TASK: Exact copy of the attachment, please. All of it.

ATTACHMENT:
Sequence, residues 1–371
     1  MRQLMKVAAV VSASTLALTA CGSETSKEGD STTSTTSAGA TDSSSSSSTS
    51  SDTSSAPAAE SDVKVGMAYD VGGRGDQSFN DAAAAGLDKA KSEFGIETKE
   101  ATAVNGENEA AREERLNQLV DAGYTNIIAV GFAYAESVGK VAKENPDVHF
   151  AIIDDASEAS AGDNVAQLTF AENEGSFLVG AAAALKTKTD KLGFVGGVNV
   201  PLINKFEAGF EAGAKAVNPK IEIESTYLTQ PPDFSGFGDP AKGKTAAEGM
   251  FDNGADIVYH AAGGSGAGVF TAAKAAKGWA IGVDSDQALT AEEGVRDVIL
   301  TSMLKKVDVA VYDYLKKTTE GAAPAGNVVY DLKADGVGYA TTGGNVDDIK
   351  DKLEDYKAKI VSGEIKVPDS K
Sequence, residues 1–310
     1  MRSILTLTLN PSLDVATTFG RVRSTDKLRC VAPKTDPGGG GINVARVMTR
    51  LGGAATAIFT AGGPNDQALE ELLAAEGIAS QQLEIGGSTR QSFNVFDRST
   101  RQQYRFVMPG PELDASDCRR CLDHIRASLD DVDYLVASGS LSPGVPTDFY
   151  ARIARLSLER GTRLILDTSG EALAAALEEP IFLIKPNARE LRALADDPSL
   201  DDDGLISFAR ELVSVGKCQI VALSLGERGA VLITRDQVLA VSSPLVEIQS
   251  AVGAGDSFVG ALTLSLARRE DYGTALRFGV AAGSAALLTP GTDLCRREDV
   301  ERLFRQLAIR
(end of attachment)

Sequence, residues 1–371
     1  MRQLMKVAAV VSASTLALTA CGSETSKEGD STTSTTSAGA TDSSSSSSTS
    51  SDTSSAPAAE SDVKVGMAYD VGGRGDQSFN DAAAAGLDKA KSEFGIETKE
   101  ATAVNGENEA AREERLNQLV DAGYTNIIAV GFAYAESVGK VAKENPDVHF
   151  AIIDDASEAS AGDNVAQLTF AENEGSFLVG AAAALKTKTD KLGFVGGVNV
   201  PLINKFEAGF EAGAKAVNPK IEIESTYLTQ PPDFSGFGDP AKGKTAAEGM
   251  FDNGADIVYH AAGGSGAGVF TAAKAAKGWA IGVDSDQALT AEEGVRDVIL
   301  TSMLKKVDVA VYDYLKKTTE GAAPAGNVVY DLKADGVGYA TTGGNVDDIK
   351  DKLEDYKAKI VSGEIKVPDS K
Sequence, residues 1–310
     1  MRSILTLTLN PSLDVATTFG RVRSTDKLRC VAPKTDPGGG GINVARVMTR
    51  LGGAATAIFT AGGPNDQALE ELLAAEGIAS QQLEIGGSTR QSFNVFDRST
   101  RQQYRFVMPG PELDASDCRR CLDHIRASLD DVDYLVASGS LSPGVPTDFY
   151  ARIARLSLER GTRLILDTSG EALAAALEEP IFLIKPNARE LRALADDPSL
   201  DDDGLISFAR ELVSVGKCQI VALSLGERGA VLITRDQVLA VSSPLVEIQS
   251  AVGAGDSFVG ALTLSLARRE DYGTALRFGV AAGSAALLTP GTDLCRREDV
   301  ERLFRQLAIR